CAMBRIDGE, Mass. It’s an old story that the state’s jails are jammed to the point of bursting, and that many of them are falling apart. Tension and trouble often follow overcrowding — that’s well reported, too. But how jailers and corrections officers treat and manage inmates can make a surprising difference. Simple gestures can have surprisingly positive consequences.
At the top of a high-rise that’s vacant all the way to the 17th floor is the three-floor lock-up known as the Cambridge Jail. In East Cambridge it’s a landmark, a solitary skyscraper with a stripe of red panels below the 17th floor. Kids growing up in the neighborhood always referred to the jail as “above the red.”
‘Above The Red’
Red could signify a temperature alert as well.
First there’s the human heat, as Superintendent Scott Brazis explained.
“The place was built for 160,” Brazis said. “We have a court order of 200, and as I said, today we’re at 375. As of last Monday we were at 411.”
In a building considered beyond repair the elevators often don’t work and the electrical and plumbing systems are bad.
But here’s the worst of it:
“They’ve taken what could be a powder keg in many other jurisdictions and made it into a manageable facility”
Middlesex County Sheriff
“There is no air conditioning from the 17th floor going the way up and you will notice that as we start to walk through the facility,” Brazis said.
I did. No air conditioning. And to put this into even more claustrophobic context, remember: this is a jail, where people await trial, not a house of correction, where people go after being convicted and sentenced.
“A jail inmate is somebody that does not know what tomorrow is going to bring,” Brazis said.
Or who’s going to be coming through the door at any time.
“We actually have 32 accused first-degree murderers in this facility today,” Brazis said.
Side by side with people charged with simple drug possession, stealing, and being disorderly. And when the anxiety starts bubbling, bring on the dog days of August. Turn it up.
“This place is really a powder keg,” said Peter Koutoujian, sheriff of Middlesex County and Brazis’ boss. “Every type of problem you can imagine in any type of facility, we have here times 10.”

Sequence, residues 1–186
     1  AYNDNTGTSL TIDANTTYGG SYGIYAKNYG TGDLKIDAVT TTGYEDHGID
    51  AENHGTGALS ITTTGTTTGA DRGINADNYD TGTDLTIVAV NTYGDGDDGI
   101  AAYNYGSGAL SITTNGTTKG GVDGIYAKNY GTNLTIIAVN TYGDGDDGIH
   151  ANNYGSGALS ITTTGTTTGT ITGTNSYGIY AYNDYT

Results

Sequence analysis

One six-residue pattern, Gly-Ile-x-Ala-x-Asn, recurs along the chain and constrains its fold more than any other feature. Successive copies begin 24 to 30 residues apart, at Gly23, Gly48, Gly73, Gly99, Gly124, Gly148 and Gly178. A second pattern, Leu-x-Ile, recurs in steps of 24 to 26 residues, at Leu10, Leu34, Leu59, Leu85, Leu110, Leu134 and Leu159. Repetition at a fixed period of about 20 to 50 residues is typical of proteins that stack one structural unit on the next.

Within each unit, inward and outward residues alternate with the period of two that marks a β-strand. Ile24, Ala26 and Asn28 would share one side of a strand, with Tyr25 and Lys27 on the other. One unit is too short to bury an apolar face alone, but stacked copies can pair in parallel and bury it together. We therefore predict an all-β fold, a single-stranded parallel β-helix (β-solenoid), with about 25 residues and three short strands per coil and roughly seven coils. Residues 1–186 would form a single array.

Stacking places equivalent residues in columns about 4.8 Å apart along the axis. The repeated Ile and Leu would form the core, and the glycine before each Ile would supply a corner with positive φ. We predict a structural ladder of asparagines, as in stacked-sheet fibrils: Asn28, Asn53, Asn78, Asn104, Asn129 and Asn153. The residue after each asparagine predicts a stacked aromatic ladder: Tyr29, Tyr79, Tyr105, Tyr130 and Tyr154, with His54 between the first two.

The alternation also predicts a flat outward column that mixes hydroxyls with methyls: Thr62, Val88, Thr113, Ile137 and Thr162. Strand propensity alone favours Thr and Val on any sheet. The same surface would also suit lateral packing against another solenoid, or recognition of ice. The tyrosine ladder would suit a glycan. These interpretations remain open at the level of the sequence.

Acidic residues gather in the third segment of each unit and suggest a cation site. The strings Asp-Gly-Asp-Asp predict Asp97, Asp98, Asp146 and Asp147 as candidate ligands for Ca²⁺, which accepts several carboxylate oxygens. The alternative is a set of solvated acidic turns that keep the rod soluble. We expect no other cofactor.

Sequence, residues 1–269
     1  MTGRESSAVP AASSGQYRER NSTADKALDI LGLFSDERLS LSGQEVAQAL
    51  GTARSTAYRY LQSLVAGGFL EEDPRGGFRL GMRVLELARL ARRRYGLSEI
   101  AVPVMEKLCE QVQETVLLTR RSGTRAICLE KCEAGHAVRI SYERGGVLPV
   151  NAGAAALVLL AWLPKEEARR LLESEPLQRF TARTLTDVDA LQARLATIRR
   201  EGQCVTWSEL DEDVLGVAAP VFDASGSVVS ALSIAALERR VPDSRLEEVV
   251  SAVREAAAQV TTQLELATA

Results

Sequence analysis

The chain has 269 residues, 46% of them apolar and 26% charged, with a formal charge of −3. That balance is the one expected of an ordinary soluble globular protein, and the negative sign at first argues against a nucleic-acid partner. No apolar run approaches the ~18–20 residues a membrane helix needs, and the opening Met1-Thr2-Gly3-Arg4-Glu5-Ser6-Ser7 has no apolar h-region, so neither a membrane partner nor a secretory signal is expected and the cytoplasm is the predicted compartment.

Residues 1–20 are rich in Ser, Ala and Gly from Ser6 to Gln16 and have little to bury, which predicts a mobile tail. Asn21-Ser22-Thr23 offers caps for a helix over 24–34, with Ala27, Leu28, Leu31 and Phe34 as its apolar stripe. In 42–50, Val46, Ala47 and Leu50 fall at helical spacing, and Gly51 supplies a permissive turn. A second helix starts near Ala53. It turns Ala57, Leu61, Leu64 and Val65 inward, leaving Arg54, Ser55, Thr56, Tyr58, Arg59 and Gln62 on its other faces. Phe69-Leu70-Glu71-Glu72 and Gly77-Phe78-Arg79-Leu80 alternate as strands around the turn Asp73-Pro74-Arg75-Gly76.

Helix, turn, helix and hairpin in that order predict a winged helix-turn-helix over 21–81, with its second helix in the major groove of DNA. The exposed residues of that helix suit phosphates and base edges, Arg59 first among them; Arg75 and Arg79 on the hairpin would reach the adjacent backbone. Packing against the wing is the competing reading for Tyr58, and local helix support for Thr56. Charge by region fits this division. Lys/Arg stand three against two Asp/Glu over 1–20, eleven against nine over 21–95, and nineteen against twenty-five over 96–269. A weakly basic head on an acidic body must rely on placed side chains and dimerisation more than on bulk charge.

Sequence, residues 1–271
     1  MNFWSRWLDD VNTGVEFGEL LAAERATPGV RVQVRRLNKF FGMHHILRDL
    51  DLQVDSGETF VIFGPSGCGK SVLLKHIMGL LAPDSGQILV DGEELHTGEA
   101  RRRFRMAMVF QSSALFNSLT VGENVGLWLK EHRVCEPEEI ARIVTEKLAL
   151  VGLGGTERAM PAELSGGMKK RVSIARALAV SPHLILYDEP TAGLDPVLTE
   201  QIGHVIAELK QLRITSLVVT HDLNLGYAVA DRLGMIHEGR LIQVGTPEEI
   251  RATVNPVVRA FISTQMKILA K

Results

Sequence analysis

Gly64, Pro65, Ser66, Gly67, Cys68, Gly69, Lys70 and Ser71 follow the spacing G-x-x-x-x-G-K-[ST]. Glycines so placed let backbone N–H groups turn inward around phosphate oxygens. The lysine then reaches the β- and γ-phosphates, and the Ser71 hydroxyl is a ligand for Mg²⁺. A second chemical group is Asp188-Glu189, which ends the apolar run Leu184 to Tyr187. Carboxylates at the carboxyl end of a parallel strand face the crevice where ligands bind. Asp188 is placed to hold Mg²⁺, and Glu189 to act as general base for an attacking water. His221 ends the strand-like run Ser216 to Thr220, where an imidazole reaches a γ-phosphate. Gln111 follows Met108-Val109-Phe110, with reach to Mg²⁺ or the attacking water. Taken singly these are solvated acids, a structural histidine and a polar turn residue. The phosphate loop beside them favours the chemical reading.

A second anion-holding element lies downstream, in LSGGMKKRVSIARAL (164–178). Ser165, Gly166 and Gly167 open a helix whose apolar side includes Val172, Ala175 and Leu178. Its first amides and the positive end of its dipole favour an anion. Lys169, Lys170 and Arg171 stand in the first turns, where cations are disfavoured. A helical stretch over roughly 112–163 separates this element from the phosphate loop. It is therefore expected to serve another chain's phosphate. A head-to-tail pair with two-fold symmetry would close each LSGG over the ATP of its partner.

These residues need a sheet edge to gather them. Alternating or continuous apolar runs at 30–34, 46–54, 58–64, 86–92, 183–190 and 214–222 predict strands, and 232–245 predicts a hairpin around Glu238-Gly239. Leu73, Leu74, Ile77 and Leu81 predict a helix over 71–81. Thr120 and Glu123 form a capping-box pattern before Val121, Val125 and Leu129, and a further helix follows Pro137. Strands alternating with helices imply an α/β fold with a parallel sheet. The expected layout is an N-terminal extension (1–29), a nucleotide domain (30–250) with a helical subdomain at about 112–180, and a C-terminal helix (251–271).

The only sensible long-term solution would be to relocate. But that’s not happening any year soon.
Popsicles, A Short-Term Solution
In the short run, the superintendent has come up with a way to manage the seemingly unmanageable — it’s the gesture of Popsicles. Yes, Popsicles.
“I’m worried that people are going to think I’m either naive or being ridiculous, talking about the importance of Popsicles,” I told Brazis.
“Well, people think that I was an ultimate liberal,” Brazis said, “but we came up with this idea a number of years ago. We had a staff meeting and it was unbearably hot up here, and besides fans we were thinking, ‘What could we ever do to make sure that the population know that we know how hot it was up there? And what could help?’
“These Popsicles are three cents a piece. We hand them out after lunch and after dinner, and on the really hot days — a couple weeks ago when temperatures got to be 100 — we handed them out again at night at 10 p.m.”
The gesture hasn’t gone unnoticed by inmates, like Robert.
“It’s like over 90 (degrees) in the day, over 90 at night,” Robert said. “Animals at least get to cool off at nighttime.”
“You appreciate the Popsicle?” I asked him.
“Of course I do,” Robert said. “I have mine right here. It’s not like this is Camp Winnemuca, you know. We’re still behind bars.”
“It makes it easier,” I said.
“It’s a nice gesture,” Robert replied.
At The Cambridge Jail, Nice Gestures Go A Long Way
Robert Asarian, who is a year away from trial, handed out Freeze Pops in six different flavors.
“People tell me, ‘Don’t be silly. Popsicles don’t make a difference,’ ” I said to Asarian.
“Oh, sure they do, it’s a nice gesture — it says that ‘We care that you’re hot, cool you down for a few minutes,’ you know,” Asarian said. “They don’t have to do this. They treat you good here. They treat you like human beings.”
And that’s a better way to run a jail, said Brazis, who graduated up the ranks from being a tough street officer catching bad guys.
Everywhere you go in the jail, Brazis has made sure there are giant floor fans and wall fans. To people who think this is “coddling” inmates, Brazis points out that keeping inmates cool is in the best interests of his corrections officers.
“Our job is care, custody and control,” Brazis said. “We’re not here to judge anybody. We’re here to make sure they’re safe. And as long as they’re safe, the officers are safe, and that means that the whole jail is safe.”
And Koutoujian said the superintendent has proved something.
“They’ve taken what could be a powder keg in many other jurisdictions and made it into a manageable facility by the work that they do, by the way that they treat the inmates, by the way that they manage the inmates,” Koutoujian said.
The simple parable of the Popsicle may be keeping the heat down “above the red.”
This report is part of WBUR’s David Boeri’s occasional series on jails.